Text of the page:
PhotoIt may make you faint and could even put you to sleep or make you nauseous but the Food and Drug Administration has approved the so-called "pink Viagra," a drug that is supposed to raise women's interest in sex.

The real Viagra, of course, came with its own set of possible side effects, including strokes, heart attacks and marathon erections but that didn't stop males of all ages and physical conditions from doing whatever it took to get their hands on what many of them regarded as a wonder drug.

How wives and significant others felt about Viagra is not as certain. And it's not all that clear, frankly, that women have been pining for a higher state of arousal. It could well be that men will be the driving force in motivating (or at least badgering) women to try the new drug, called Addyi (flibanserin).

It won't be that easy, though, at least not initially. The FDA is requiring both doctors and pharmacists to be specially certified to deal with Addyi, hoping to prevent an outbreak of side effects from reckless or unwarranted use.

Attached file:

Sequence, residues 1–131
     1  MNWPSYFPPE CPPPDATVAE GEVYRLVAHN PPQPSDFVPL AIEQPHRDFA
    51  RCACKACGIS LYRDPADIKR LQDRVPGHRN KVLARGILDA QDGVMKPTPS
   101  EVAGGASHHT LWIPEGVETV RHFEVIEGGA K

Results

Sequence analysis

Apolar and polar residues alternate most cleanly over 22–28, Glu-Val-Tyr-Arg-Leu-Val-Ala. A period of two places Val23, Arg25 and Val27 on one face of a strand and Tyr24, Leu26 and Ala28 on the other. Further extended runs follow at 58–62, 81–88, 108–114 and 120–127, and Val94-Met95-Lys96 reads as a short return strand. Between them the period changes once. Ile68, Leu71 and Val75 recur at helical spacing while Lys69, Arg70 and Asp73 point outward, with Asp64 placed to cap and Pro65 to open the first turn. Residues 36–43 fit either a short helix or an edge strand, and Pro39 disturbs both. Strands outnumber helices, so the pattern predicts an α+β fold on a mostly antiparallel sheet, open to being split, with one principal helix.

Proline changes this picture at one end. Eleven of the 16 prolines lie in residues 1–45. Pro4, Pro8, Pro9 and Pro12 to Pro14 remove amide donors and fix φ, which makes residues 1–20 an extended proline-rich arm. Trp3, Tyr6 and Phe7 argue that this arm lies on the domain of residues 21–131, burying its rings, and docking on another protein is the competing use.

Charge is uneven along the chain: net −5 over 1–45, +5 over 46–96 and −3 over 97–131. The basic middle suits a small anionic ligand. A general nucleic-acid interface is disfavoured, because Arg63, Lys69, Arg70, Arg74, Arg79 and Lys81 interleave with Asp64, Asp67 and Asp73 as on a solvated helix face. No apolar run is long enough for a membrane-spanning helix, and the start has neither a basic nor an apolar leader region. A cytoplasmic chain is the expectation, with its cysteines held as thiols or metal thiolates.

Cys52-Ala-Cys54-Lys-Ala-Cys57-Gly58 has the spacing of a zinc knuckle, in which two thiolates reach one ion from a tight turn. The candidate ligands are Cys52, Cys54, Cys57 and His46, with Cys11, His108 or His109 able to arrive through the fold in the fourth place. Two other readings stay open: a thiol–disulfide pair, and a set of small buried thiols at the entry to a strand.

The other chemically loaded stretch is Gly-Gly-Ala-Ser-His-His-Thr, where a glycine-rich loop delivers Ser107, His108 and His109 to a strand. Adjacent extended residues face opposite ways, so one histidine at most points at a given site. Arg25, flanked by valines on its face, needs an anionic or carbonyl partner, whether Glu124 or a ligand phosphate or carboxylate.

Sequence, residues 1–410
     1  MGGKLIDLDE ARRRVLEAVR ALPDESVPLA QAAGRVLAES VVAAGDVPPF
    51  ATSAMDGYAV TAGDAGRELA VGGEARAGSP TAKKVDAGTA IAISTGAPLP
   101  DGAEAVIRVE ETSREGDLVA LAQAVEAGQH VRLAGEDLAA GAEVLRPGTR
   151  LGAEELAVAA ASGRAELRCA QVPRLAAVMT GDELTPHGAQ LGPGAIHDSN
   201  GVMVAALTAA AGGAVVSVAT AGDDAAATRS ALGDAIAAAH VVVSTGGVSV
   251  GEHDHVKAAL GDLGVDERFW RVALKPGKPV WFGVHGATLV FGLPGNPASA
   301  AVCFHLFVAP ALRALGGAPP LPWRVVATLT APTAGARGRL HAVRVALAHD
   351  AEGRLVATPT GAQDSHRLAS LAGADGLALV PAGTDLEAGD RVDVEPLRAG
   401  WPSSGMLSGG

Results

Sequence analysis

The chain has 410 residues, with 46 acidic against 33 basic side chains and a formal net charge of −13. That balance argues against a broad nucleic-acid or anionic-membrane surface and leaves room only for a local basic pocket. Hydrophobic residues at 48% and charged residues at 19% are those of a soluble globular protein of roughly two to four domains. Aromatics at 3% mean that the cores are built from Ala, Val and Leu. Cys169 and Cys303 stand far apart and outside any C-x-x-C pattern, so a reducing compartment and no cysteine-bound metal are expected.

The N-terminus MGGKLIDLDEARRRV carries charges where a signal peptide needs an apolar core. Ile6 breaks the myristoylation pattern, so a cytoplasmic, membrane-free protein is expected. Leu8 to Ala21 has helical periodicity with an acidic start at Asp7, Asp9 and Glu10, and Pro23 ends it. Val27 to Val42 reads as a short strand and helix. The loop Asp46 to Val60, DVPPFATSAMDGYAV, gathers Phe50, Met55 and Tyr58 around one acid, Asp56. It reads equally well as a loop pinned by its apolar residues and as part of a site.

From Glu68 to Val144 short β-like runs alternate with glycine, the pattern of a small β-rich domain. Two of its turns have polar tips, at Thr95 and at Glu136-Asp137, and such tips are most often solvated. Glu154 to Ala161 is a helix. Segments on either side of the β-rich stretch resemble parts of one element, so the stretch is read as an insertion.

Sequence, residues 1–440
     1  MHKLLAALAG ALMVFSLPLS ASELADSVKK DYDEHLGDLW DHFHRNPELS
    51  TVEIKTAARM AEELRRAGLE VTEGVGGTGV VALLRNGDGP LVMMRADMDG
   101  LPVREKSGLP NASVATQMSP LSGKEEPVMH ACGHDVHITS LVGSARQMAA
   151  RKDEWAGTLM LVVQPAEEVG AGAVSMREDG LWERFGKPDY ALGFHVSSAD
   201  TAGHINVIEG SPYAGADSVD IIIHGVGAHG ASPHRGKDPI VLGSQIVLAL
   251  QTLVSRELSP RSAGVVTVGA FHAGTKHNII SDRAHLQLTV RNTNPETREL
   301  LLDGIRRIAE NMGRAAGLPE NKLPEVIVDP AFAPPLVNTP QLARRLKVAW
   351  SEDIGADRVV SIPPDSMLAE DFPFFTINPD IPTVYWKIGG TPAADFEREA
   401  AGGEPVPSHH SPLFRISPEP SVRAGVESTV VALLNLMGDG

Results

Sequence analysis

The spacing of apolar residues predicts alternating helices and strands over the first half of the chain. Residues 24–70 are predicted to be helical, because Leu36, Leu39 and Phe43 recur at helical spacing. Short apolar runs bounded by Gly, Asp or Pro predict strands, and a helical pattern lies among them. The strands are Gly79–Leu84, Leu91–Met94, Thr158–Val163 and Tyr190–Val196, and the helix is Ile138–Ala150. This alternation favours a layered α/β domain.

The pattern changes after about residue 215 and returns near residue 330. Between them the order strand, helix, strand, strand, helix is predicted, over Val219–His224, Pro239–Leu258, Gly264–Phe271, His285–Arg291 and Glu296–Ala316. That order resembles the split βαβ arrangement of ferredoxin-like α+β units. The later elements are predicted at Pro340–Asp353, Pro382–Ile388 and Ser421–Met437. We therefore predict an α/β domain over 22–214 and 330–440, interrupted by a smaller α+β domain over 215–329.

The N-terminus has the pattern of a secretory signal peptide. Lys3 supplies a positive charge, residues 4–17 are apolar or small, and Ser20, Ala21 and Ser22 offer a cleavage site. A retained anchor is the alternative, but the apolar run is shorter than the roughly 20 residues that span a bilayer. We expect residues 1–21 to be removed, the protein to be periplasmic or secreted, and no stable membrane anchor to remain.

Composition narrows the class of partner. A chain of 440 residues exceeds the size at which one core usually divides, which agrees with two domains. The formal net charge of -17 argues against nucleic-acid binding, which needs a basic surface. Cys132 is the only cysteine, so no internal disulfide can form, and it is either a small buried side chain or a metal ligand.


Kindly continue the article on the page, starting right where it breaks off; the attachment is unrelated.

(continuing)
In fact, the FDA approved the drug despite its own laboratory analysis which showed "serious risks" of low-blood pressure and fainting, especially if the drug is taken with alcohol.

Serious dangers to women

Critics were quick to question the FDA's decision.

"The U.S. Food and Drug Administration’s decision to approve flibanserin as a treatment for women with hypoactive sexual desire presents serious dangers to women, with little benefit, and recklessly disregards the worrisome risk information," said Public Citizen's Dr Sidney Wolfe.

Wole said he will not be surprised if the drug is taken off the market in a few years after causing irreversible and life-threatening injuries to women. 

"It is unconscionable that the FDA does not have the courage to prevent such damage from a drug with such a high ratio of risks to benefits," Wolfe said. 

Besides the risks, Wolfe said the supposed benefits of Addyi are ephemeral. The FDA’s analysis showed that women using the drug had an average of only half to one more “satisfying sexual encounter” every month compared to those using a placebo, Wolfe noted.


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